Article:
NRL Testing New Structural Acoustic Sonar for AUV Mine Hunter
By JAMES PETERSON, Editorial Assistant
NATIONAL HARBOR, Md. — The Navy is pushing out new autonomous underwater vehicles (AUVs) that utilize low-frequency wavelengths to identify objects deep underwater. The Office of Naval Research (ONR) and the Naval Research Laboratory (NRL) presented data at their Sea-Air-Space booth April 11 showing how this method makes it easier for ships to see mines below the sea bottom.
Zachary Walters, researcher at NRL, noted that every object has a unique acoustic fingerprint, and with the new method, structural acoustic (SA) sonar, AUVs can determine what each individual object is.
The low-frequency wavelengths used in SA also offer the chance to “punch into the deeper sediment” in the ocean, Walters said.
Of course, there are infinite number of objects potentially hidden in the sea, so NRL is focusing more on target recognition rather than identifying every bit of clutter.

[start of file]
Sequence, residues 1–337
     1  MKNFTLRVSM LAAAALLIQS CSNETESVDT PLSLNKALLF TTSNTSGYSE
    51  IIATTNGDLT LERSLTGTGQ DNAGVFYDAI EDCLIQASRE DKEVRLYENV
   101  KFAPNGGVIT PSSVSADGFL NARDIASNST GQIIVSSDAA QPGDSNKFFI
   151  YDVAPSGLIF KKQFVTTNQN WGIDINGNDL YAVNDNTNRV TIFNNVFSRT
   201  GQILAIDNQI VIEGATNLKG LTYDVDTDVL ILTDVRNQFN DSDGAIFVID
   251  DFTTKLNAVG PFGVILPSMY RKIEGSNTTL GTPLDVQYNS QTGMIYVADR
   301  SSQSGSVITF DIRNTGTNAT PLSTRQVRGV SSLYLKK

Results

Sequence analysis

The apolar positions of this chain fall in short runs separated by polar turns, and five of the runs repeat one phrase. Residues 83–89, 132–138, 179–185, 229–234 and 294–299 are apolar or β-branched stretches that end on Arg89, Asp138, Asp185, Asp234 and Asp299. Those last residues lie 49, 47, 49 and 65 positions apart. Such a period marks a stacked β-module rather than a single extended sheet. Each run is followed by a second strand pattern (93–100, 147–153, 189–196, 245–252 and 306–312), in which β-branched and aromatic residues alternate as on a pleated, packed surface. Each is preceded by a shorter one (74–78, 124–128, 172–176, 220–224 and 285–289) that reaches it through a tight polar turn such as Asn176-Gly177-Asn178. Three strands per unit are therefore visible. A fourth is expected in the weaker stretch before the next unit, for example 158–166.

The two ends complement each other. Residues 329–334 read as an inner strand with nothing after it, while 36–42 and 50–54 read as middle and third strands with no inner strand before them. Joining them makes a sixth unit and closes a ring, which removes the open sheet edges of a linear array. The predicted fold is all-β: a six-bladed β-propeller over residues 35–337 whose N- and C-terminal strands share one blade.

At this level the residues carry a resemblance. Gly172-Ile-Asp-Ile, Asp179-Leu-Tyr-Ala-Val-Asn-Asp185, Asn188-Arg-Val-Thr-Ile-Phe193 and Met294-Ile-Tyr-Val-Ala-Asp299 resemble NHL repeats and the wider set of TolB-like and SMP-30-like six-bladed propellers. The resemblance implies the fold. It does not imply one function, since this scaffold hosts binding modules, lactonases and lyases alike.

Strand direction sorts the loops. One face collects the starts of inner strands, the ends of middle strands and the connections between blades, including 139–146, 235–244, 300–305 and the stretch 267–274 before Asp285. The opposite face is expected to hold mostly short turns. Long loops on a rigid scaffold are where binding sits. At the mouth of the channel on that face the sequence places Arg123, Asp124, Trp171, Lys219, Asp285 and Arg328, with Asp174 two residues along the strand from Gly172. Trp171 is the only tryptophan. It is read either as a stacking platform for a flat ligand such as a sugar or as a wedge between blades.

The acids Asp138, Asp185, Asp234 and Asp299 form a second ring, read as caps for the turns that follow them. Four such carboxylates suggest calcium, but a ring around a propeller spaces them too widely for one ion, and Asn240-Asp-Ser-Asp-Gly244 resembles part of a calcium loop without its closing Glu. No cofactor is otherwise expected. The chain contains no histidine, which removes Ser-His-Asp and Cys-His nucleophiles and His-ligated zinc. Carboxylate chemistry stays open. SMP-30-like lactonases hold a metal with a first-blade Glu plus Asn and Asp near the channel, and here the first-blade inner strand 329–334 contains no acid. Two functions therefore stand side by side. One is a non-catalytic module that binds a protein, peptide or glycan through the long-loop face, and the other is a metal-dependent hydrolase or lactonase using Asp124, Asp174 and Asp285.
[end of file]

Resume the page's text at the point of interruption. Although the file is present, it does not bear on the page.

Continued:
“We do know what our targets that we are interested in look like, either through laboratory measurements, at-sea measurements or through forward numerical modeling,” Walters explained. “And, so, we use those … to build up a library of objects that we are interested in, and we pass this on, along with the data we measure at sea, to our automated classifiers.”
According to Waters, SA is currently being transitioned out to the field for testing with Knifefish, a mine-hunting AUV. As it gathers more research, NRL hopes to “extend to much larger ranges and higher area of coverage,” which will be transitioned to Knighfish in later updates.
The NRL’s ultimate goal for SA is to create AUVs that run fully autonomous operations. Walters believes that effort will rely on the continued cooperation of ONR and NRL.